If someone were to ask you what the most common drugs are in the country, what would you say? Chances are, this survey would produce a narrow range of results – drugs for cholesterol, erectile dysfunction, birth control, high blood pressure, and maybe a few other common and low-cost prescriptions. And while it's wonderful that we have treatments for even our most trivial needs, there's still a huge, mostly unmet need within the pharmaceutical market.
Rare conditions receive very little attention from BigPharma, mostly because the ailments are too rare and too costly to make a drug profitable to produce. And while it sounds abhorrent to rank diseases based on profitability, pharmaceutical companies are a business just like every other industry. If they can't scrounge up enough money to support the R&D for these often poorly understood afflictions, it doesn't make sense to bother trying – especially if the number of patients who could benefit from the undoubtedly expensive medicine wouldn't pay anywhere close to what the business would need to recoup its investment.
Luckily, governments can – and do – play an important role in these matters. In the United States, the 1983 Orphan Drug Act was enacted to stimulate funding for rare diseases and encourage research in areas that would otherwise be a money pit. It also created the FDA Office of Orphan Products Development, which evaluates potential new medications and determines their efficacy in the treatment of low-incidence conditions.
To clarify, a "rare disease" is one that affects fewer than 200,000 people in the United States, or one that affects more than 200,000 people but is so expensive to treat that without external funding, pharmaceutical companies would stay far away. In the last 30 years, the act has enabled medical researchers to develop more than 400 unique drugs, although most of the nearly 7,000 conditions covered under the legislation are still lacking effective treatment options.
Although many people have never heard of the term "orphan drug," its importance for the healthcare industry is huge. Many of these rare conditions – including Creutzfeldt-Jakob Disease, Duchenne Muscular Dystrophy, Narcolepsy, and Trigeminal Neuralgia – are far more serious than an ailment like high blood pressure, in that they are either fatal or lead to substantially compromised functioning in the afflicted.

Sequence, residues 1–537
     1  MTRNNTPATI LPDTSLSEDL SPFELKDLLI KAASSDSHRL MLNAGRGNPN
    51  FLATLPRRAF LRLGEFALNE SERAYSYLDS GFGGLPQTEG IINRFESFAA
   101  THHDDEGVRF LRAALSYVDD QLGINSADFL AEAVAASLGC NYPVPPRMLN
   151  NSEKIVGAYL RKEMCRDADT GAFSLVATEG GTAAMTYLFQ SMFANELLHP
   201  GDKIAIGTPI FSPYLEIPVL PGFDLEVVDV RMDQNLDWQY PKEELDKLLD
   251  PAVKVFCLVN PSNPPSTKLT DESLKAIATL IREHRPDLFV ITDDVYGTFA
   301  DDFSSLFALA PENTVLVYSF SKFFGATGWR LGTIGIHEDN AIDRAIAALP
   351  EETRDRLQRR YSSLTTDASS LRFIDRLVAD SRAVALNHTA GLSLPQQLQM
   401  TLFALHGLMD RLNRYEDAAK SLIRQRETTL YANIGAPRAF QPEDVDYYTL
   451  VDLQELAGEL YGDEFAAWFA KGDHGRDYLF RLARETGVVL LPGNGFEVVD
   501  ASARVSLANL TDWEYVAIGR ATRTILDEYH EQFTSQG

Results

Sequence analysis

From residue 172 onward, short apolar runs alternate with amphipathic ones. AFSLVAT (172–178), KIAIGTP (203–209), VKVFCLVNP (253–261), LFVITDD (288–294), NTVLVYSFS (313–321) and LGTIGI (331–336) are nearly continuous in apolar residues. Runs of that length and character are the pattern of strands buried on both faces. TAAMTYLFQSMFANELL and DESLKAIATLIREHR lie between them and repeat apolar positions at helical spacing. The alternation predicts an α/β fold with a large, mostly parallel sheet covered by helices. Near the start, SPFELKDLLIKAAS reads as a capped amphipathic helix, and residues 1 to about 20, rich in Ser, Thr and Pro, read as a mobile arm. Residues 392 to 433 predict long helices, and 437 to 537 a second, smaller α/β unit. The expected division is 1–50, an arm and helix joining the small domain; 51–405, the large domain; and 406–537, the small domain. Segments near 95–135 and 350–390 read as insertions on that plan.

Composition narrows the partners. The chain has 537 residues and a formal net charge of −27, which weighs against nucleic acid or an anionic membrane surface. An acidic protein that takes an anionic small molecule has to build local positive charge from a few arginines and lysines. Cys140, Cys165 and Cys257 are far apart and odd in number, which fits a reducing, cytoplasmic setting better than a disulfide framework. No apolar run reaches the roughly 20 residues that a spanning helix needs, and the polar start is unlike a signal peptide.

Unfortunately, many healthcare providers are unaware of both the conditions and their potential treatments. It can take many years and a highly qualified specialist to recognize a rare condition, and even then, practitioners need to know how to get their hands on these valuable orphan drugs. In some cases, it is not as simple as calling a prescription into CVS or Rite Aid.
Healthcare administrators can do their part by organizing educational seminars on rare conditions, sending doctors and nurses to conferences within their specialty, and educating themselves on the financial costs of treating the unlucky patients. Administrators who work in research should see orphan drugs as an opportunity – tax incentives, marketing rights, clinical research subsidies, and other forms of government assistance are all available to companies that are willing to partake. Lastly, healthcare administrators who work in the insurance industry arguably need to stay informed more than anyone; without knowledge of who needs these expensive medications and just how badly they need them, many insurance agents are quick to deny coverage or push for less expensive (and less effective) alternatives.
For more information, see an overview of the global report for 2015 here.
About the Author:
Iris Stone is a freelance writer, editor, and business owner who has written on a range of topics. She has experience covering content on medicine, healthcare, and career training, as well as education. Iris is also interested in science and mathematics and is currently studying to be a physicist. Check out her Google+ Profile.